A case for Ministry of Agriculture and Food

Thursday, May 10, 2018

Agriculture in practical terms is the most important source of food and feed. WHO regards poor nutrition as the single most important threat to world health.  Agriculture’s contribution to health and productivity is therefore significant. The potential of agriculture’s overall contribution to GDP is often underestimated and inadequately reflected in national development budget allocations, with sometimes detrimental consequences for national development.

Media reports indicate that poor nutrition (insufficient or poor-quality food) is prevalent in our country. Malnutrition affects children (with stunting and irreversible undesirable effects later in life), pregnant and nursing mothers and the elderly. Partly as a result of changing eating habits, the incidence of non-communicable diseases is also high.

The Gambia’s agriculture faces serious challenges including climate change, food and nutrition insecurity, malnutrition, poverty and in general the failure of farming to attract educated youth, triggering off rural-urban drift.

Ongoing projects on school feeding and fortified food are commendable but require monitoring their impact. For sustainability, agricultural research should also focus more on developing quality crops varieties rich in essential micronutrients such as iron, zinc and vitamins A and B1. In his interesting rather provocative article – The Point Newspaper of January 9, 2018 – “Gambia’s backbone (Agriculture) is broke and needs an urgent operation to fix it “Mr. Muhammad L. Darboe hinted at genuine reforms.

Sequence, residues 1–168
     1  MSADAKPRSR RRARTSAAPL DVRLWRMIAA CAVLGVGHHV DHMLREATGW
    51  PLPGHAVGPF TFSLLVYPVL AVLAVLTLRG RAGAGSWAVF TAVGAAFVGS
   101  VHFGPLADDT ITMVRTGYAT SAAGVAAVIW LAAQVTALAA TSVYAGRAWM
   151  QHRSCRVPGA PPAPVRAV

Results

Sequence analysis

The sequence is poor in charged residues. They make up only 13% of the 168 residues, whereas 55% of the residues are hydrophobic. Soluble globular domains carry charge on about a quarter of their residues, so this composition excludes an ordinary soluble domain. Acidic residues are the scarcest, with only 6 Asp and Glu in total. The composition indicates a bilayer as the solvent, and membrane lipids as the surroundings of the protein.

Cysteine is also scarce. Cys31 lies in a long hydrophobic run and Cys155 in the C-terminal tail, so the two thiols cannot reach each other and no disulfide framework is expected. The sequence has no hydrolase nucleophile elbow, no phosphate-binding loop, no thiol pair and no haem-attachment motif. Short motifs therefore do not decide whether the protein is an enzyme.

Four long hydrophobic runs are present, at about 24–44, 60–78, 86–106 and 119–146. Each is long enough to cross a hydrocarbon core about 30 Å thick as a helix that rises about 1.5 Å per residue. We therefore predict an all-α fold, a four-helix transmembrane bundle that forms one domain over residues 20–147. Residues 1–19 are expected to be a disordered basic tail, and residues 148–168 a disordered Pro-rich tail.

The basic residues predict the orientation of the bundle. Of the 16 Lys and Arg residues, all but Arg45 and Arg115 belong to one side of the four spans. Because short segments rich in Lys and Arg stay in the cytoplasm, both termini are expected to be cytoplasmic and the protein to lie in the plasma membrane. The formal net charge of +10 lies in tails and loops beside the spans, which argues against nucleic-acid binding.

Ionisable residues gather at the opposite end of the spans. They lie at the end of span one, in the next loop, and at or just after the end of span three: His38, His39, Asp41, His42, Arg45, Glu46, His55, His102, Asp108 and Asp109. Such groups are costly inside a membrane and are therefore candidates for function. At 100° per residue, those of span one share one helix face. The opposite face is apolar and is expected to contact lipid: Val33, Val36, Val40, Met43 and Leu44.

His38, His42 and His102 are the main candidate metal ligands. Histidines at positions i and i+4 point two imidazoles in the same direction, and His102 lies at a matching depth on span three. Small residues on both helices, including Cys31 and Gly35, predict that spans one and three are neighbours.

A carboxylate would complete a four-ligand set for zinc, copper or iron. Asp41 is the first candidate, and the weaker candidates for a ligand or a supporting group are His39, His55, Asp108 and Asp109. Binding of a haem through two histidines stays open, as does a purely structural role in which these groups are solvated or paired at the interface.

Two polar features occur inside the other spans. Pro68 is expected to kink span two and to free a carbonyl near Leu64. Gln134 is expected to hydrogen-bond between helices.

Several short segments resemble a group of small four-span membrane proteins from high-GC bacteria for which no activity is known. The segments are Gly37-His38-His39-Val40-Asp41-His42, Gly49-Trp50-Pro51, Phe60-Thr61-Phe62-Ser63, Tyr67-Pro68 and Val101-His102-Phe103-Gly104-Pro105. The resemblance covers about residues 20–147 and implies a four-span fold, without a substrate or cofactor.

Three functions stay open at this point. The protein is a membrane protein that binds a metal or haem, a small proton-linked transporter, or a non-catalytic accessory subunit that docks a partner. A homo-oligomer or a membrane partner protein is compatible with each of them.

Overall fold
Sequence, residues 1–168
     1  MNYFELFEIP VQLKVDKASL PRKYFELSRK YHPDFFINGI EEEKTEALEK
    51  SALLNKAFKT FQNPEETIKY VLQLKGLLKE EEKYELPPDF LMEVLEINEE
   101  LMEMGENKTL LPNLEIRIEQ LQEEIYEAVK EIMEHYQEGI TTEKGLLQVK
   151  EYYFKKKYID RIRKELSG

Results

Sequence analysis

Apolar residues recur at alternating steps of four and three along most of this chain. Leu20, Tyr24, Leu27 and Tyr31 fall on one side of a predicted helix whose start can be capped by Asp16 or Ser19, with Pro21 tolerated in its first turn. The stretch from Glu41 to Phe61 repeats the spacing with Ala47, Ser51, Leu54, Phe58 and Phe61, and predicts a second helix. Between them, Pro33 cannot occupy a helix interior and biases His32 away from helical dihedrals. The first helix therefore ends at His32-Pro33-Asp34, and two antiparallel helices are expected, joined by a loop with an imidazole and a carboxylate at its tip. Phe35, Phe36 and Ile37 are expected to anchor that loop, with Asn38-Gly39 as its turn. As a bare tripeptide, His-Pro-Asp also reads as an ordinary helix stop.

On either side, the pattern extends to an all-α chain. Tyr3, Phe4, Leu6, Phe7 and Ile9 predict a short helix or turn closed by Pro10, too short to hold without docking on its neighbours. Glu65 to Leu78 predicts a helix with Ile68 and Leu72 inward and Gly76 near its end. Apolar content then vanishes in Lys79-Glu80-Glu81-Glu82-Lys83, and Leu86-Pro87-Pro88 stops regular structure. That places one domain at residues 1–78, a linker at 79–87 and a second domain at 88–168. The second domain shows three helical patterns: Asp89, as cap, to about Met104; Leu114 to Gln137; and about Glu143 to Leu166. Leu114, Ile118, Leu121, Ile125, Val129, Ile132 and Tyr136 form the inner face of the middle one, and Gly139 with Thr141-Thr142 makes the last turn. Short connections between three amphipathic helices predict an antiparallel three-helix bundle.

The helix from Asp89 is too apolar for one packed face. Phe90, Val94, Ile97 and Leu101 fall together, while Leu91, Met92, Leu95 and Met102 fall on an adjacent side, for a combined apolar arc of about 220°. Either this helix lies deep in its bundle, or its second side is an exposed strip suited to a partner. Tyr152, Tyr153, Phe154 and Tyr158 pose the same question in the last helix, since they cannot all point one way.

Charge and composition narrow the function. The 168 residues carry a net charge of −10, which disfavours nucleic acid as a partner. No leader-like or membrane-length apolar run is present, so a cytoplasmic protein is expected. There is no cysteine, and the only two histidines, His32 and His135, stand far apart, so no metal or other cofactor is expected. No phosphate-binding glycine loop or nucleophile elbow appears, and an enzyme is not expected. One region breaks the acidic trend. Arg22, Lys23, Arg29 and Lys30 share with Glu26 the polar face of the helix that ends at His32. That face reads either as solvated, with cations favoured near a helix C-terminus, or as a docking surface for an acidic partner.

Food is a predominant sector of Agriculture. Justifiably, ministries of agriculture and food exist in our sub region and elsewhere, including some developed countries. Maybe New Gambia could also consider the advisability of setting up an empowered Ministry of Agriculture and Food to be responsible for initiating and implementing, as applicable, relevant innovative policies, programs and projects and coordinate all related activities.

A Guest Editorial